Oxted strikes for Teal’s first Group 1
Father and son are separated by a single letter and now also by a single race.
In his extraordinary career Kieren Fallon did almost everything and won almost everything but not once did he manage to put his name on the Darley July Cup. His boy Cieren can now tell him how it’s done.
The 21-year-old will forever remember the sunny Newmarket afternoon when he guided Oxted to a famous success in Europe’s premier sprint, delighting not only his celebrated parent but also trainer Roger Teal, who joined the triumphant jockey in experiencing a Group 1 victory for the first time.
In a sport where major prizes so often fall to the same faces, here was an outcome that was wonderfully different and all the better for it, with connections unaccustomed to competing in the starriest company finding themselves thrust to the pyramid’s peak thanks to a four-year-old gelding who displayed complete authority in defeating Sceptical and Golden Horde.
For former amateur jockey Teal, based in Lambourn’s Windsor House Stables only since November, this was a family celebration, as wife, Sue, is Oxted’s groom and son, Harry, rides the horse most mornings.
Family was also a pivotal part of the winning jockey’s story. Cieren and Kieren live together in the same Newmarket house, to which the six-time champion jockey returned after walking the course with his son and offering some pre-race advice. Fallon junior thought Fallon senior had still been on the premises when the July Cup was run but by then his mentor’s work had been done. Instead, the sorcerer watched from home as his champion apprentice burst into the big time.
“He’s got it – I know he’s got it,” said Kieren on the phone, while Cieren on the track thanked his father, boss William Haggas, jockey coach Michael Tebbutt and the trainer and owners who backed a jockey still able to claim 3lb in most races.
“I always remember what Dad has said in the back of my mind,” said Fallon. “He told me to keep it simple, stay straight and make sure I had him well balanced going into the dip.
“He’s here somewhere but he’s hiding like he always does. We still live together so tonight will be interesting. I’ll definitely wind him up. He’s very proud and has helped me a lot this year and last year. He was going to move to America but stuck around to look after me. I can’t thank him enough.”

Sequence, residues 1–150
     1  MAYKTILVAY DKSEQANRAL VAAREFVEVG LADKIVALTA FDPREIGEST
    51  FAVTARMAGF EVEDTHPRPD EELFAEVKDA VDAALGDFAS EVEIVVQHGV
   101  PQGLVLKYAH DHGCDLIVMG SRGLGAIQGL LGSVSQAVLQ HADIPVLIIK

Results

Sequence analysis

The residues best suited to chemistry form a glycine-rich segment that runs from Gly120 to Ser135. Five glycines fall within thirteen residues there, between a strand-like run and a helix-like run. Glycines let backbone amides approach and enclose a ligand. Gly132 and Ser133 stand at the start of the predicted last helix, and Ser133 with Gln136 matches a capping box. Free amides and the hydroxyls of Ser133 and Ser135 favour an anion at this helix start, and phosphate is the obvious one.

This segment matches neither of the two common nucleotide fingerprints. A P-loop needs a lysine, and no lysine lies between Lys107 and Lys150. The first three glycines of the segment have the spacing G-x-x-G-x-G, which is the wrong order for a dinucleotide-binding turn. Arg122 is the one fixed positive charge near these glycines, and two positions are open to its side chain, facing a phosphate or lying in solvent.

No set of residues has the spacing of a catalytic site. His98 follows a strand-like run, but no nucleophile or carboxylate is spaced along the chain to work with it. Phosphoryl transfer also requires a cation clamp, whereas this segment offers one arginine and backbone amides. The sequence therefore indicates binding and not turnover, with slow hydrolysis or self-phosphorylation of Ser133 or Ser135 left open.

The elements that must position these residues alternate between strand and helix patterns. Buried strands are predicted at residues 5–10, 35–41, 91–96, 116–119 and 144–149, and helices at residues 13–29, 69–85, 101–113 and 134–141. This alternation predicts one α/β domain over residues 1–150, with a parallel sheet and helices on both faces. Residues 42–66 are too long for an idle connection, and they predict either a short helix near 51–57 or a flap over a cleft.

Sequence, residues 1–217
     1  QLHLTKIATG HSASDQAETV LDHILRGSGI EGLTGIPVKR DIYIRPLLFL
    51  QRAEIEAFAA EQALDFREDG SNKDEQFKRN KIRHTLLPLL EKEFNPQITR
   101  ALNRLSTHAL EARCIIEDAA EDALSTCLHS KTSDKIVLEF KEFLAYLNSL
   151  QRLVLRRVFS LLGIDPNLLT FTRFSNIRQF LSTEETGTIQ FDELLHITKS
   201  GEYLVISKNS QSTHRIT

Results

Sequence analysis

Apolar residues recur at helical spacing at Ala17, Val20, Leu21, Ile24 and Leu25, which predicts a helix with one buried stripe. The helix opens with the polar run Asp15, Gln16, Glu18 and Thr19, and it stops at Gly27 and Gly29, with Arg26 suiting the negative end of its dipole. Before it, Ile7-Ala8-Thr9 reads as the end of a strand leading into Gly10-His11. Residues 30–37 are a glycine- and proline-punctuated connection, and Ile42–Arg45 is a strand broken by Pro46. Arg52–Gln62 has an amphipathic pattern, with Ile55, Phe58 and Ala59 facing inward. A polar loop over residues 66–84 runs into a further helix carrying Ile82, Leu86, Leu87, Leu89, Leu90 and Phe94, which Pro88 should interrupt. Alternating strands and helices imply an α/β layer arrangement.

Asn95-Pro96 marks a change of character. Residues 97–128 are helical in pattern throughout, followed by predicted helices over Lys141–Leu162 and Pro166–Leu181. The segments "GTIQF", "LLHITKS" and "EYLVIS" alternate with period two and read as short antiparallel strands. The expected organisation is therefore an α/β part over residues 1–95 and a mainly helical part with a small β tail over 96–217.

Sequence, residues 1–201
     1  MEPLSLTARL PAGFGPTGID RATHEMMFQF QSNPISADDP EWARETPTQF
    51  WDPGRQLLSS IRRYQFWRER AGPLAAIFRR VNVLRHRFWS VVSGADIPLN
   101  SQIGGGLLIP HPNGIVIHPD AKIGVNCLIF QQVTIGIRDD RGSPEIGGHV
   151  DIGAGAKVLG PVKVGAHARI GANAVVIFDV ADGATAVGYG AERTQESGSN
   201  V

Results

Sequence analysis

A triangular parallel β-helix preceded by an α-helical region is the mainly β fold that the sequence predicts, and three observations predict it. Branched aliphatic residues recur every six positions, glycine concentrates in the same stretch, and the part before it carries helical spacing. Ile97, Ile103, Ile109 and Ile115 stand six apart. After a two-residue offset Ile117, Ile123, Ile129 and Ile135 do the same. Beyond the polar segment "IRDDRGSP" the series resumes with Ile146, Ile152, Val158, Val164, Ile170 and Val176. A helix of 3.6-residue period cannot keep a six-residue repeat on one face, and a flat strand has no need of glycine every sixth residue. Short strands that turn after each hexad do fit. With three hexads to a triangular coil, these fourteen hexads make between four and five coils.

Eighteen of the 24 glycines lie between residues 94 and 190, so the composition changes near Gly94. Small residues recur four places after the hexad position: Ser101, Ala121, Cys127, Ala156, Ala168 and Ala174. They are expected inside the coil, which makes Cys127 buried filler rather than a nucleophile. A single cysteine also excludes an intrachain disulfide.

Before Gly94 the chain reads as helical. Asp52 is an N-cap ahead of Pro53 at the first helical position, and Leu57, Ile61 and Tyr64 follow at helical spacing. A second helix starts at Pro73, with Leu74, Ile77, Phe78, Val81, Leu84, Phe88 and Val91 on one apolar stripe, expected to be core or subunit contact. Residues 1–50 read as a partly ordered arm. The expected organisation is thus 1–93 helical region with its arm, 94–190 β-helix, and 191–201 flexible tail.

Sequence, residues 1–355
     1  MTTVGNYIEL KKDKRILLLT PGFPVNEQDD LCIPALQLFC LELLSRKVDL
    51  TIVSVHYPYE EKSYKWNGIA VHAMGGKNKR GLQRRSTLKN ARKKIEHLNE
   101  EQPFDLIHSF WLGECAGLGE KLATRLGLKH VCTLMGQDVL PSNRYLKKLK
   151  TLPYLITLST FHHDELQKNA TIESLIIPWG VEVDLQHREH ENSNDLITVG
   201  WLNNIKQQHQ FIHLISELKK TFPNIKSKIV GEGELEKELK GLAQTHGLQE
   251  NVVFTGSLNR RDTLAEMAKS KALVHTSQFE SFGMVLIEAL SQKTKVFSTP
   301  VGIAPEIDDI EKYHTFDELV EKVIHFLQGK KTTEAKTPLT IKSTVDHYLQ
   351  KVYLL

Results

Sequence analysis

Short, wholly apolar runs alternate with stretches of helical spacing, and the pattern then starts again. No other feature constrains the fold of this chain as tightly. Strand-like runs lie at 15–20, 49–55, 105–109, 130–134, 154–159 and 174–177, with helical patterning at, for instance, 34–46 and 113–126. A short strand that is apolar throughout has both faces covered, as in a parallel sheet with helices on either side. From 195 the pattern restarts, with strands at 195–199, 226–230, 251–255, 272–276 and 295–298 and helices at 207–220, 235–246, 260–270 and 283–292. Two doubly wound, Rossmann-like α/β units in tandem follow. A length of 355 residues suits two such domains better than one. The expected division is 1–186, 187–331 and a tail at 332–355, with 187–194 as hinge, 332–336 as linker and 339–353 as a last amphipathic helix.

He was also very grateful to Oxted. “I was just a passenger on a very good horse,” said Fallon, adding: “He’s going places.”
So is the jockey and so is the trainer, who sent out Tip Two Win to finish a 50-1 second in the 2018 2,000 Guineas.
“This is the race we’ve targeted all year,” said Teal, his mobile phone pinging with congratulations.
“Harry said to me last week: ‘This wins the July Cup.’ I told him to keep his feet on the ground but when we tacked him up today, he said: ‘Dad, this will win.’ I didn’t want to get myself too carried away but this horse is amazing.
“When he hit the front I thought: ‘Oh my God, he’s going away here.’ Then I saw Adam Kirby getting down into the drive, and I thought: ‘He is pulling away here.’ Then I thought: ‘Keep him going, Cieren, just keep him going.’ What a cracking ride!”
Asked what was likely to come next, Teal expressed a keen desire to get drunk. This was definitely a very happy man, as were owner-breeders David Fish and Stephen Piper, who praised the way they had been treated at the racecourse despite having to be kept on the extremities. “The way Newmarket has done this has been superb,” said Piper. “We felt special from the moment we walked in.”
Special but not quite successful were Sceptical’s connections. Part-owner Stephen McAuley pointed the runner-up towards the Curragh’s Flying Five, while Golden Horde’s jockey Kirby said: “It was a proper race and that was a proper run. I haven’t a bad word to say about him.”
Nor were there any bad words about the jockey who had just won his first Group 1.
“Cieren rode a peach,” said Teal. “He’s such a cool little dude. I think he’s got a bit of a future.”
The person Fallon lives with, a man with a bit of a past, would no doubt say exactly the same.